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Stories from our community
We love to capture stories at Sandybeach. The richness of how we have impacted on people’s lives is great to share and shows the diversity of people and their journeys with Sandybeach. Enjoy learning more about our community in these stories!
On the edge of the acclaimed Peak District a classic English town, Poynton, tugs at the heartstrings of Stephanie Green. For her a walk to the shops once meant at least 14 stops for lingering conversations with neighbours, work colleagues and children from her schools. A business manager and bursar of a cluster of inclusion schools, Stephanie and her family had deep roots in the Poynton community.
Then in 2009 she left for Australia. Without friends and family and her green, hilly surroundings the mother of three felt lost.
The day was in its infancy when the toddler arrived at Sandybeach Child Care and Early learning Centre Day in a dress-up costume, sure this would be the most special occasion of her young and happy life.
“I’m going to marry Wayne,” she announced, unperturbed the object of her affection was her grandparents’ age.
Wayne Roberts chuckles when he recounts the story, one of countless funny episodes to unfold while volunteering at child care. About to leave on holidays, children will invite Wayne to join their families too, he is such a central playground figure.
No matter where he flies, the international pilot has a freshly written letter from Barbara Audas somewhere in his suitcase.
A prolific letter writer who has travelled the world, Barbara’s hand-written messages changed his life. While mobile phone facetime allows her to call daily from Black Rock to her husband Brett overseas, her letters have never stopped. She tucks them into an old silver Arabic case which she hides in his luggage.
Architecture saved John Hunt’s life.
On Christmas eve, 1974, he had to quickly evacuate from his home with his wife, children and friends who were having dinner with them.
Hours later Cyclone Tracy killed 65 people in and around Darwin, where John had been working as an architect. When its fury was gathering full pace John’s friend, engineer Rodney Hiscox looked out the window to see palm trees perilously bent over, reinforcing their view they had to escape.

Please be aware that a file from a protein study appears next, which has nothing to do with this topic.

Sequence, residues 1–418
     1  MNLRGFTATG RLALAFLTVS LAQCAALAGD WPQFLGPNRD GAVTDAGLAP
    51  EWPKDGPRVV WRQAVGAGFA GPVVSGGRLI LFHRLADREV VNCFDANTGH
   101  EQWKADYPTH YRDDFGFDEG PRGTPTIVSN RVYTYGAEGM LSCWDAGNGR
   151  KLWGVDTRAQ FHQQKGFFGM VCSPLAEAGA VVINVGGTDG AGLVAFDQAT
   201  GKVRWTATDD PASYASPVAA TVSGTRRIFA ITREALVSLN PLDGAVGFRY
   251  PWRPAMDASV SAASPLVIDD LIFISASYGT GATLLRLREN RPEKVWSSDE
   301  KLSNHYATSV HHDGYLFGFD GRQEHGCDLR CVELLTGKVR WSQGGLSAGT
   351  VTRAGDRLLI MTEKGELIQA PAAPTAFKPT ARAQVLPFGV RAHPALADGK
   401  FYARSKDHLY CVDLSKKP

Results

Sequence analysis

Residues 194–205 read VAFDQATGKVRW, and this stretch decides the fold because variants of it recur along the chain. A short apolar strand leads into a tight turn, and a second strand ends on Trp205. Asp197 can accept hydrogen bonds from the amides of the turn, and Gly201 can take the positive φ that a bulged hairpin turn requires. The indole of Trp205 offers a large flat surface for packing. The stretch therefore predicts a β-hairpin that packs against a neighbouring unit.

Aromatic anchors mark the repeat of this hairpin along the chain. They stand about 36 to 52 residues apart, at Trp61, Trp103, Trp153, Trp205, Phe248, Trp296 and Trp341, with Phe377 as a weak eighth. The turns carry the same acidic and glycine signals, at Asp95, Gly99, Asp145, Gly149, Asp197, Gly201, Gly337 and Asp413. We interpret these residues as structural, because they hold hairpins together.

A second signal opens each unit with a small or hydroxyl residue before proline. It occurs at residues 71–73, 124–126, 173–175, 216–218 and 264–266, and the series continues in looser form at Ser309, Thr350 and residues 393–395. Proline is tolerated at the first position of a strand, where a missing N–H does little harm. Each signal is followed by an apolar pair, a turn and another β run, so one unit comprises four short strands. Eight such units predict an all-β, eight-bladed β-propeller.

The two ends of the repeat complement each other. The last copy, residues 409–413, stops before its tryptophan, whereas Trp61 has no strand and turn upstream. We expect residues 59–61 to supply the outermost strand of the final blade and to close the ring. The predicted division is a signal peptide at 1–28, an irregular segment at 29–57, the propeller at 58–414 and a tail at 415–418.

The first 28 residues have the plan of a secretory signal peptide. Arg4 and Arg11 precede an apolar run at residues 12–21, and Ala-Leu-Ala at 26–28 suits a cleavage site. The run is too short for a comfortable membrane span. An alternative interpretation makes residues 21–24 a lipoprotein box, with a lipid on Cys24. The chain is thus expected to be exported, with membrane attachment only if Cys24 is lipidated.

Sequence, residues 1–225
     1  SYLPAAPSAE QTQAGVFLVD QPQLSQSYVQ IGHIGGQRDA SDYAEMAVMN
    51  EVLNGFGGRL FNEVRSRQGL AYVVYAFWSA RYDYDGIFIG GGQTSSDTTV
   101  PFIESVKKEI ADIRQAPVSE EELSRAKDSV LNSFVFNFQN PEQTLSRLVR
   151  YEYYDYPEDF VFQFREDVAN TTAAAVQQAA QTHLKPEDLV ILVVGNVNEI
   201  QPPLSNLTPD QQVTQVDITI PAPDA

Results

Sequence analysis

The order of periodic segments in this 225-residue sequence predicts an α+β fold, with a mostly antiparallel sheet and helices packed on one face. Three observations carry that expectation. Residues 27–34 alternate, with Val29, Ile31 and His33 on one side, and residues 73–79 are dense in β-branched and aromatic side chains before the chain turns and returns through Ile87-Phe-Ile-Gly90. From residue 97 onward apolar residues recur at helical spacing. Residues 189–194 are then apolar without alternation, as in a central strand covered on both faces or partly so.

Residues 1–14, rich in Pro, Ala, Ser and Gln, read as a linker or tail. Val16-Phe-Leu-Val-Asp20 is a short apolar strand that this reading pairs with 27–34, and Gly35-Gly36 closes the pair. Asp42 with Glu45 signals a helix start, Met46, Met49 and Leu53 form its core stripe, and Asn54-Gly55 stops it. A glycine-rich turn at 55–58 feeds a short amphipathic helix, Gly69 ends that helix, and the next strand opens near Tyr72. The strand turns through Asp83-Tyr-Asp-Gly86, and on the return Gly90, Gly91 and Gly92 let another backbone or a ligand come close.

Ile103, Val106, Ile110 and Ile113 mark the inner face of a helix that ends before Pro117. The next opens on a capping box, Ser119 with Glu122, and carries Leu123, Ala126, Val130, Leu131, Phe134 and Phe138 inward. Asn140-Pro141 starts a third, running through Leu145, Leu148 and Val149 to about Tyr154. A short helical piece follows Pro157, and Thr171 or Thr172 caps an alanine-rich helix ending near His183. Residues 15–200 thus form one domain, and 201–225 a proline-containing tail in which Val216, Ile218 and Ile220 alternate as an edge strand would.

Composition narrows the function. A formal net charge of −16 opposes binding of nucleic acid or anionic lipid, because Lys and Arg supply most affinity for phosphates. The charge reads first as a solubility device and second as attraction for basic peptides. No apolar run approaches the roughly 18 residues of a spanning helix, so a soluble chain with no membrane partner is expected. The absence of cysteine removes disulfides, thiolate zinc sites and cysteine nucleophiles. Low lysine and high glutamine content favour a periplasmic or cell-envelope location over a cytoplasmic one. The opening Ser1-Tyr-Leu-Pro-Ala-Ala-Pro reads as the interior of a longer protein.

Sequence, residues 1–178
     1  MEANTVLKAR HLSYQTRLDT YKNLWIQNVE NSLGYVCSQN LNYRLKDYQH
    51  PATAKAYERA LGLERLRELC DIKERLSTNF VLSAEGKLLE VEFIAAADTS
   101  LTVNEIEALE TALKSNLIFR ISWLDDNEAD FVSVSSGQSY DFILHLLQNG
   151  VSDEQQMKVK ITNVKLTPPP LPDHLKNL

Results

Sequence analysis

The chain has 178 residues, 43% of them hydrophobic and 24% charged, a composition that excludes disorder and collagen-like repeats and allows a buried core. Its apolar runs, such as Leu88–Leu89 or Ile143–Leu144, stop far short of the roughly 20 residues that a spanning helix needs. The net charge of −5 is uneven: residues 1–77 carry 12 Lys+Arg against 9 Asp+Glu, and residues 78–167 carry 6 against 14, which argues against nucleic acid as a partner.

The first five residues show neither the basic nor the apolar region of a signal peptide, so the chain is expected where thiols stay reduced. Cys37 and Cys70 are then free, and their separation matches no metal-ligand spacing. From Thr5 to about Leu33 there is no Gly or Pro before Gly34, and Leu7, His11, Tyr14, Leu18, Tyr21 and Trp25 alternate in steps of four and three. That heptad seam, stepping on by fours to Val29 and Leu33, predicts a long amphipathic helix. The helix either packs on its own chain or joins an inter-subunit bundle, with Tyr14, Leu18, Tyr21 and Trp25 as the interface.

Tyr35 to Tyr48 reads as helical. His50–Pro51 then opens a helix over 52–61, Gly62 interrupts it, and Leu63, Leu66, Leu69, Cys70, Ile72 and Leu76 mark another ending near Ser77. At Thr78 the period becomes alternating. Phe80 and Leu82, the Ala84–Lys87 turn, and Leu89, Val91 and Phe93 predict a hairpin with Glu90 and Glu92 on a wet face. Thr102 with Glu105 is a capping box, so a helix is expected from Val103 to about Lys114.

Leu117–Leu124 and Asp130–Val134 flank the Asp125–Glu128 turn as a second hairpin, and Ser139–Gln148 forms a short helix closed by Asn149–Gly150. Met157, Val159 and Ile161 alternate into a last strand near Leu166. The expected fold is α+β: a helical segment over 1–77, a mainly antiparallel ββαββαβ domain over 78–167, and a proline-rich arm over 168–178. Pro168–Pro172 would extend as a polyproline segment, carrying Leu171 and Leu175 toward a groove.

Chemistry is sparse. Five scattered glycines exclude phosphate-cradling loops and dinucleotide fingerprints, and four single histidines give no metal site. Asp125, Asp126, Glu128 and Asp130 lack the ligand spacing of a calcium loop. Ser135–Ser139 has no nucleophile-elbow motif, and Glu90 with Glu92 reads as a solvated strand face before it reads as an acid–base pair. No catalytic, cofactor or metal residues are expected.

But to where?
We are moved, even inspired by a stirring stage performance, or a footballer’s gift for taking a high mark or an historic figure who has changed the course of history. But only a few among us experience the warmth of people who most inspire Kimberly White, a client at Sandybeach Community Centre. They are her foster parents. Thirty one years ago at Mornington they chose her as someone special. She has never forgotten that day.
“I love them so much,” she says.
Young parents of two girls aged 6 and 4 stood in Spring Street in Melbourne’s central business district, peering through Banbury Cross children’s wear shop window.
A little model in a dress and classic waist coat made of the finest material stared back at them.
“Could you make that?’’ merchant banker Geoffrey Redenbach said to his wife, Meryl. The request was both daunting and irresistible.
Street machines, road trips and travel hold a special place in Trevor Scott’s heart. A client at Sandybeach Community Centre, Trevor’s earliest memories go back decades when he travelled with his father, Colin. They were on the road once to Port Macquarie, a popular holiday spot on NSW’s central coast when Colin stopped for a break.
“Hey Trevor, come over here,” he would say to his young son, gesturing to him to move quietly and cautiously.
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